On 1 April 1926, the Transjordan Frontier Force was formed from cadre drawn drawn from the Arab Legion, and it consisted of only 150 men and most of them were stationed along Transjordan's roads. During this time the Arab Legion was reduced to 900 men and was also stripped of its machine guns, artillery, and communications troops.
The Legion was the most successful of the Arab armies during the 1948 Arab-Israeli war. With a total strength of just over 6,000, its military contingent consisted of 4,500 men in 4 single battalion sized regiments, each with their own armored car squadrons, and seven independent companies plus support troops. The regiments were organized into two brigades. 1st Brigade contained 1st and 3rd Regiments while 3rd brigade contained 2nd and 4th Regiments. There were also two artillery batteries with four 25-pounders each. Note that on 9 February, 1948 the Trans-Jordan Frontier Force was disbanded with members being absorbed back into The Arab Legion. Although headed by Glubb, now a Lieutenant General, command in the field was by Brigadier Norman Lash.
The Legion was initially withdrawn from Palestine to Transjordanian territory, under instruction from the United Nations, prior to the end of the British Mandate. With the commencement of hostilities the Legion re-entered Palestine with 1st Brigade heading to Nablus and 2nd Brigade heading to Ramallah. The Arab Legion entered Palestine with other Arab Forces on May 15, 1948 using the Allenby, now King Hussein, bridge as they were advancing to cover the approaches from Jenin, in the north to Alaffoula and from Al-Majame'a bridge on the Jordan River to Bissan Alaffoula.
There was considerable embarrassment from the United Kingdom government that British officers were employed in the Legion during the conflict and regular British officers, including a brigade commander, were instructed to return to Transjordan. This led to the bizarre spectacle of British officers leaving their units to return to Transjordan before sneaking back across the border to rejoin the Arab Legion. Without exception all of the affected officers returned to their units. One British MP called for Glubb Pasha to be imprisoned for serving in a foreign army without the King's permission.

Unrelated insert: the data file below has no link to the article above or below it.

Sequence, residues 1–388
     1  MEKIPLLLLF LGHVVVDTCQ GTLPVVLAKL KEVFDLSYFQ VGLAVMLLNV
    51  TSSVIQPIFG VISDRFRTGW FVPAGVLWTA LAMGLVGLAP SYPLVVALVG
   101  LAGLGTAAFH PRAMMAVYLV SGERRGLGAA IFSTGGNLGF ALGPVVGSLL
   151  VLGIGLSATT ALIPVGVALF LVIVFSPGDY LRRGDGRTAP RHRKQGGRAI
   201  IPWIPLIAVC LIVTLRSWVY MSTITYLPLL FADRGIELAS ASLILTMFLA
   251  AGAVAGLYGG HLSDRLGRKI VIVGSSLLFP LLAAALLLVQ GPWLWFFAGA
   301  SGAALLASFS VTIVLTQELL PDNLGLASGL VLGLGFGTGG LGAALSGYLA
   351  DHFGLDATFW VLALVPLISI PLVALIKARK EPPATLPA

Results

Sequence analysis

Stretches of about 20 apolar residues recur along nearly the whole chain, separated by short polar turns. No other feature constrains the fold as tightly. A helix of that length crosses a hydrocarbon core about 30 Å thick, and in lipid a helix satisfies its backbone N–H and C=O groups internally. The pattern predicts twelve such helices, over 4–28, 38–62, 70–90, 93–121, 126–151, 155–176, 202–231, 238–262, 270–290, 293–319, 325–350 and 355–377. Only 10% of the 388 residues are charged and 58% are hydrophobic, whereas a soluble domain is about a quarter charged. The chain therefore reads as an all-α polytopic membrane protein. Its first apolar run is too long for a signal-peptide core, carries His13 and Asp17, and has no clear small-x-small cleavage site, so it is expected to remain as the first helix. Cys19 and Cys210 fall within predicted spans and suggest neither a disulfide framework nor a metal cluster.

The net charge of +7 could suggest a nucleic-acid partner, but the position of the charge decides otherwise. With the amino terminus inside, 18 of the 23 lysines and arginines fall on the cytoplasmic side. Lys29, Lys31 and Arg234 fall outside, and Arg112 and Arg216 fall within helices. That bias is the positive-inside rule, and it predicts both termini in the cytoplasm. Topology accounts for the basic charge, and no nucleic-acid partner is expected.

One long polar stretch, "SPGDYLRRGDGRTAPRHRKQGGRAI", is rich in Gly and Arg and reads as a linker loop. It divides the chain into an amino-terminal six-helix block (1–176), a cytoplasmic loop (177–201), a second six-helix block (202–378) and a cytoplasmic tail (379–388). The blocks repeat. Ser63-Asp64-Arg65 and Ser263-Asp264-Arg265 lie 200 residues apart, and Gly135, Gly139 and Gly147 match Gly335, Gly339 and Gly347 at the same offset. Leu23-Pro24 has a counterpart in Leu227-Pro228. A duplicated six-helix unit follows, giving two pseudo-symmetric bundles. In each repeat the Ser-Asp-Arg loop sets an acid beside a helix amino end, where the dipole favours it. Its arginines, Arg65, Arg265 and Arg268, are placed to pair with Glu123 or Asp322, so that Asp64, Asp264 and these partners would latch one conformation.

At Latrun, the Legion blockaded the Jerusalem highway. Legion troops were involved in the Kfar Etzion massacre. On May 28, 1948, aided by Marmon-Herrington Armoured Cars, they conquered the Jewish Quarter of Jerusalem's Old City (i.e. inside the walls of the Old City), expelled the Jews who lived there and took part in the destruction of the Synagogues therein. The Legion also secured the West Bank for Transjordan.
Units of the Arab Legion were engaged in several battles with the Jewish forces including the following:
On 9 February, 1948 the 3,000 strong Trans-Jordan Frontier Force was disbanded with members being absorbed back into The Arab Legion. so that by the wars end in 1949, the Arab Legion consisted of over 10,000 men manning a 100 mile front, which then expanded to a 400 mile front following the withdraw of Iraqi forces.
On October 10, 1956 an enemy force, estimated at a motorized infantry brigade, supported by medium-range artillery and 10 combat aircraft, attacked the towns of Hubla, Al-Nabi Illias and Azroun. The assaulting troops fought the Arab legion west of Al-Nabi Illias and were forced to withdraw to Qalqilia hills.
It must be noted that the Legion generally stayed out of the 1956 War.
Note: "Pasha" is a Turkish honorary title in one of its various ranks is equivalent to the British title of "Lord".